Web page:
pl.t'eI end to end volil measure 1 il.. whereas 1 square inch
would contain about a3,l,-4, placed ,.ide by side. When exiunuiel


under a riaiiiifyilig glass. they resemble kernels of wheat in shape
and appear as smooth, polished, green i- h-yellow objects. After
they are deposited, from 10 to 12 days are required for the eggs to
The larva.-The newly hatched larva of the white fly is active,
rv-ciiil'ling that of a scale insect. After crawling for several hours
it settles on the underside of a leaf, inserts its beak, and begins to
take nourishment by .sicking the juices of the plant. To reach
the pupal ,tige it sheds its skin three times, the legs being reduced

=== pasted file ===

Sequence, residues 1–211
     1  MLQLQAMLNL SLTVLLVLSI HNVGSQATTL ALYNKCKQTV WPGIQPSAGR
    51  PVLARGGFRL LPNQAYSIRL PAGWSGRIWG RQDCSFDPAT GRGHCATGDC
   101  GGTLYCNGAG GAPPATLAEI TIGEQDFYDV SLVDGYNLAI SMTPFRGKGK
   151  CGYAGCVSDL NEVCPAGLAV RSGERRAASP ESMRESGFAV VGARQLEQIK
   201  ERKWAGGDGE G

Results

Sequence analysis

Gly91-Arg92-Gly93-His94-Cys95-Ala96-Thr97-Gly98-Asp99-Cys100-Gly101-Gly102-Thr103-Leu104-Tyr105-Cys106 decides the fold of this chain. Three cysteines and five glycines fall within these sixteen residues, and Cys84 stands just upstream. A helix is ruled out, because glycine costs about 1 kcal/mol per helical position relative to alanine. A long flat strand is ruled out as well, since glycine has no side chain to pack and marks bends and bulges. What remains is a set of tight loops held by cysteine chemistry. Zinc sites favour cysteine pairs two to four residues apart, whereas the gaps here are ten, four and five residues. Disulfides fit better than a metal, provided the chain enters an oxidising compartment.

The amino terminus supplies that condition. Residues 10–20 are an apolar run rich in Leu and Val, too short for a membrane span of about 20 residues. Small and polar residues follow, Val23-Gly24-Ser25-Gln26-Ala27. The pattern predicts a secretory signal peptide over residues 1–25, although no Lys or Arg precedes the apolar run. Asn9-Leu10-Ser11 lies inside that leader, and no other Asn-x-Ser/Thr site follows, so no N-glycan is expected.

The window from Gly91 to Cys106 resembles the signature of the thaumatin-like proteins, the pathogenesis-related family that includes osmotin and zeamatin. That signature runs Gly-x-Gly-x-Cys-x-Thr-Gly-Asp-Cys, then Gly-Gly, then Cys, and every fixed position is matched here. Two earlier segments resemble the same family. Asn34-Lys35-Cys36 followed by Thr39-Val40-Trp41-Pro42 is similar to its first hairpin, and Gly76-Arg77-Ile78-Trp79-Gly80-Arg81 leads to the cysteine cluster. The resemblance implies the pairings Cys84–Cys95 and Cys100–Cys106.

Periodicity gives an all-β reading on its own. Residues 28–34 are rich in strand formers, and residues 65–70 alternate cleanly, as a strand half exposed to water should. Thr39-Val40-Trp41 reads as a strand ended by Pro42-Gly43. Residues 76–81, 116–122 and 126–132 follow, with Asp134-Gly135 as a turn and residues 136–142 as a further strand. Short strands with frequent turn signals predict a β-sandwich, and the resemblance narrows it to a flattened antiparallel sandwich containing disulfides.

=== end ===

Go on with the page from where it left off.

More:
to mere rudiments after the first molt. The duration of the larval
stg-es is approximately 23 days.
The pupa.-The pupa closely resembles the last-stage larva, but
at maturity is thicker, more rounded, with a bright red spot on the
back. From 3 to 8 days before emergence the eves of the adult be-
come visible. The duration of the pupal tage varies from 13 days
in the summer to a maximum of 304 days during the fall, winter,
and spring. The larvae and pupae secrete honeydew, which drops on
the leaves and fruit, furniis.liiig nourishment for sooty mold.
The adult.-The iN inged adults emerge from the pupal cases, which
remain attached to the leaves. They collect most abundantly on the
new growth and there they deposit their eggs. A single female has
been known to deposit as many as 250 eggs, but the average is not
more than 150 for each individual. The average life of the adult